WALTHAM, Mass. – Veo Robotics, which creates intelligence and perception software for industrial robots to make them safer for collaboration with human workers, today announced availability of its first product, the Veo FreeMove application development kit.
The FreeMove ADK is aimed at development environments where automation engineers need to develop new process steps for their factory lines, the company said. The system includes:
- Four FreeMove Sensors, which are mounted at the periphery of a work cell to provide depth images;
- FreeMove computing platform, which directly connects to the robot controllers and sensors to process the image data;
- FreeMove Studio, Veo’s proprietary software suite for self-service configuration and real-time visualization.
The company noted that the ADK does not yet include its fail-safe hardware, which will enter beta testing at the end of this year, and is not intended for use on a production line.
“We call it FreeMove because it allows production workers to move freely around large robots,” said Patrick Sobalvarro, CEO and co-founder of Veo Robotics, one of the RBR50 Top 50 Robotics Companies for 2019. “It gives manufacturing engineers the freedom to design work cells that combine the ingenuity, dexterity, and judgment of human workers with the tirelessness, strength, and repeatability of industrial robots.”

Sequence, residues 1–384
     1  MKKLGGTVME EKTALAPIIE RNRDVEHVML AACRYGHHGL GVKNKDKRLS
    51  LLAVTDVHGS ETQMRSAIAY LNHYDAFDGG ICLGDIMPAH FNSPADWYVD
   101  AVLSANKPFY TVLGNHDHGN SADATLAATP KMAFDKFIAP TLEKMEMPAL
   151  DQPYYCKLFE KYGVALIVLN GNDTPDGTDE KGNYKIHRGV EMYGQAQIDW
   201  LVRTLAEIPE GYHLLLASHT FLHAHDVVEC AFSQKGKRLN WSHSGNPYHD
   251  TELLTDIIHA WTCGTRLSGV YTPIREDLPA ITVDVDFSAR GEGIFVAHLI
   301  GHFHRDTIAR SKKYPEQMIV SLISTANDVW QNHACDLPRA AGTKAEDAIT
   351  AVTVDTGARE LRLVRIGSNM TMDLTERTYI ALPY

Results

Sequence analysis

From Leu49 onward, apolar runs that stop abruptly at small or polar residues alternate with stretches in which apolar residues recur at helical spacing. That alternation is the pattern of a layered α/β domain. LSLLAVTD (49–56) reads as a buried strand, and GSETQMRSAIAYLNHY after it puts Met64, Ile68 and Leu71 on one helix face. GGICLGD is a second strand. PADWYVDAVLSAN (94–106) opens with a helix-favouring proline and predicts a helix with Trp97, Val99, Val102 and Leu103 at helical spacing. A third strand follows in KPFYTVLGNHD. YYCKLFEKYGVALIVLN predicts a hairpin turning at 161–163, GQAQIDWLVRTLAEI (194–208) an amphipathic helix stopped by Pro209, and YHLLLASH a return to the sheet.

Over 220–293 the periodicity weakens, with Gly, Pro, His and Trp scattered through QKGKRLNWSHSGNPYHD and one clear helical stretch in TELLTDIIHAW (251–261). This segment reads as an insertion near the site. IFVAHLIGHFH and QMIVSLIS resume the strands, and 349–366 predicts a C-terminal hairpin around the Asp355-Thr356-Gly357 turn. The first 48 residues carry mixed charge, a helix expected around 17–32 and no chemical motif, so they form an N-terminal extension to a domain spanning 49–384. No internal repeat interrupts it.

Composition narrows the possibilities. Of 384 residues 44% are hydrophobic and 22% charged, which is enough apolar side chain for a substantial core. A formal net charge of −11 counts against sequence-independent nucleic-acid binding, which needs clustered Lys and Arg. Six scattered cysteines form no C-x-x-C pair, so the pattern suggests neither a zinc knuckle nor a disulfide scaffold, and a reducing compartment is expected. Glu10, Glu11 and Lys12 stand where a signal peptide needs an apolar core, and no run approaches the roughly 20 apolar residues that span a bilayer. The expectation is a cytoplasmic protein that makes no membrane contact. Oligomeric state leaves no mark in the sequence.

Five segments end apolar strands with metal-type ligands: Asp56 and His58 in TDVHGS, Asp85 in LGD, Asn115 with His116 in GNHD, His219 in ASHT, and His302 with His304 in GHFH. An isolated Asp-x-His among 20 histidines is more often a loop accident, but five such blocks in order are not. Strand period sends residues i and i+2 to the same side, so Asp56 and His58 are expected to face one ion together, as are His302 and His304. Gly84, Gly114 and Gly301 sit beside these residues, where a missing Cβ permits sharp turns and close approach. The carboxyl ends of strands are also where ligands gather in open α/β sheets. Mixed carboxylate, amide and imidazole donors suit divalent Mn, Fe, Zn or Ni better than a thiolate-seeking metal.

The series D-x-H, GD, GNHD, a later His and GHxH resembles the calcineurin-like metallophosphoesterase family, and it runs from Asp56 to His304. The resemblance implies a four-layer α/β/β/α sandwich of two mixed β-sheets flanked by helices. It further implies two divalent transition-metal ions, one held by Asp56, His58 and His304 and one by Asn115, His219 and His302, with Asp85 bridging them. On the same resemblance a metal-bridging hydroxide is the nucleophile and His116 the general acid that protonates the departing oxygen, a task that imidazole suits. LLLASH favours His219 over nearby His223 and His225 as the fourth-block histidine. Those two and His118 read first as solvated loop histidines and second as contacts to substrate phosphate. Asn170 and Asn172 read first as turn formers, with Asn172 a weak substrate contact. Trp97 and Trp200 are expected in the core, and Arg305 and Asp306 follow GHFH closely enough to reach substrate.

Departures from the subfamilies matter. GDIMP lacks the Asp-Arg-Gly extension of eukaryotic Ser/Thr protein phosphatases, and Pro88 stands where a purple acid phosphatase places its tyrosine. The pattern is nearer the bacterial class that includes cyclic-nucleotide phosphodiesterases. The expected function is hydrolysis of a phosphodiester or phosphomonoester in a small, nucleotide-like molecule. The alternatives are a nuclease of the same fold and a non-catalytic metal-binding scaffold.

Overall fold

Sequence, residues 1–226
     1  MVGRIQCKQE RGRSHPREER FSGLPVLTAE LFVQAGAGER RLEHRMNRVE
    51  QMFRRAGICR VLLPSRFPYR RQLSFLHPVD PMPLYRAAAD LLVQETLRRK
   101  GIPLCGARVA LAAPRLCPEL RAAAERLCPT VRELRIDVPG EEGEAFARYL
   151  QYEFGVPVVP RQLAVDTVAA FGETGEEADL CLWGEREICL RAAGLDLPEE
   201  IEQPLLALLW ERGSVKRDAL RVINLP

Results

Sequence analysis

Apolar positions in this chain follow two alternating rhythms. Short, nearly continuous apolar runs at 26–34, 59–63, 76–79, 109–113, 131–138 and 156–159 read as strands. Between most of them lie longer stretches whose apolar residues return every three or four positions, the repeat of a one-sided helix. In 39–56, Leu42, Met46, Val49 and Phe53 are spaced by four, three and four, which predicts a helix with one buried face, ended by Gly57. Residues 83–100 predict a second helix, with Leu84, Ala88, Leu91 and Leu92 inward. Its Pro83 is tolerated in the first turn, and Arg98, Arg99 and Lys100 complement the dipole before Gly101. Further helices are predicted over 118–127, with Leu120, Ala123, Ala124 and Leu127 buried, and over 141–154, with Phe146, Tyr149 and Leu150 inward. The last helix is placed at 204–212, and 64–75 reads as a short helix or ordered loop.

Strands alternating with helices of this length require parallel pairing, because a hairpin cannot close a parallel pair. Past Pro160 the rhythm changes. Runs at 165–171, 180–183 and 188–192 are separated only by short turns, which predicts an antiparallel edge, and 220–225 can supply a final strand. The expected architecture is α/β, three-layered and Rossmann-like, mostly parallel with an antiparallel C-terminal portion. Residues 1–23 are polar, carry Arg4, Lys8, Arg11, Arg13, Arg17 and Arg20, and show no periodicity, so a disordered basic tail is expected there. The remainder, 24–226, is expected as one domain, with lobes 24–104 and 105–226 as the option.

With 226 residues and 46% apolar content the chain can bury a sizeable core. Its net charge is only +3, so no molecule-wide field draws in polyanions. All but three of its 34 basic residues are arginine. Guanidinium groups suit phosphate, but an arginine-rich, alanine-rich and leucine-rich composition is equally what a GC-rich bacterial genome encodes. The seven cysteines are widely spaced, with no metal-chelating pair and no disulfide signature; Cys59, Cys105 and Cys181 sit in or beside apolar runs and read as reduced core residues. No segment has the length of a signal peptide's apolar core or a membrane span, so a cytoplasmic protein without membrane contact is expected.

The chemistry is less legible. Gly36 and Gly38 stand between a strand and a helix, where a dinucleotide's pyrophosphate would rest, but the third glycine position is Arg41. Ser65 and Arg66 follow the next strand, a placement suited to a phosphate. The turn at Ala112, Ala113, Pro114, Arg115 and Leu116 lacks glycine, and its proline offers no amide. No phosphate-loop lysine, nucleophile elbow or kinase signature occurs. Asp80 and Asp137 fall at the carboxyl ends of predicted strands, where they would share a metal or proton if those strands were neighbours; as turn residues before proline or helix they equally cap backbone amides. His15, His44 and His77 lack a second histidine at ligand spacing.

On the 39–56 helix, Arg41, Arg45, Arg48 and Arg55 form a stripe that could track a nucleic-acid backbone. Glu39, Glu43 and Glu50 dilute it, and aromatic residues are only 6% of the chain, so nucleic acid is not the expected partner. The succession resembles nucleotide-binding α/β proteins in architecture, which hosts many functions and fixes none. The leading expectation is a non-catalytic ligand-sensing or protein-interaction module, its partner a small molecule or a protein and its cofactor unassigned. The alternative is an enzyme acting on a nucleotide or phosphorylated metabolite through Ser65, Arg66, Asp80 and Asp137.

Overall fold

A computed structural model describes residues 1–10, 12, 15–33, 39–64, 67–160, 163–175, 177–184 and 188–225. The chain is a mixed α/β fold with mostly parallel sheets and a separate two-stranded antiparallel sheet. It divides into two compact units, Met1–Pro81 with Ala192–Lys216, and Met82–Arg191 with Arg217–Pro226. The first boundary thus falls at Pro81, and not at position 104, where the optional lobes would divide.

Sobalvarro added that FreeMove can make manufacturing more efficient and productive by reducing capital and operating expenses, allowing engineers to build production work cells that includes robots (or other automation equipment) and human production workers. “This leads to shorter design times, less custom machinery, and thus less time before the work cell is operational on the line,” he said.
Veo said the FreeMove ADK can be installed in one day or less, with the processor connecting to standard industrial robot controllers over Ethernet and discrete I/O cables. It also said the production version of FreeMove will be compliant with the ISO 13849 functional safety standard.
The system constantly calculates protective separation distances between humans, robots, and any workpieces they may be carrying, and will override the robot program as needed to safely slow and stop the robot before a worker can reach it or the work piece, the company added.
“Veo FreeMove is the culmination of three years of advanced research and development,” Sobalvarro said. “We visited over 100 factories and interviewed hundreds of manufacturing engineers. In the summer of 2018, prototypes of the system were installed at three major manufacturers to test their functioning and the practicality of our approach.”
More details on the FreeMove ADK are available here.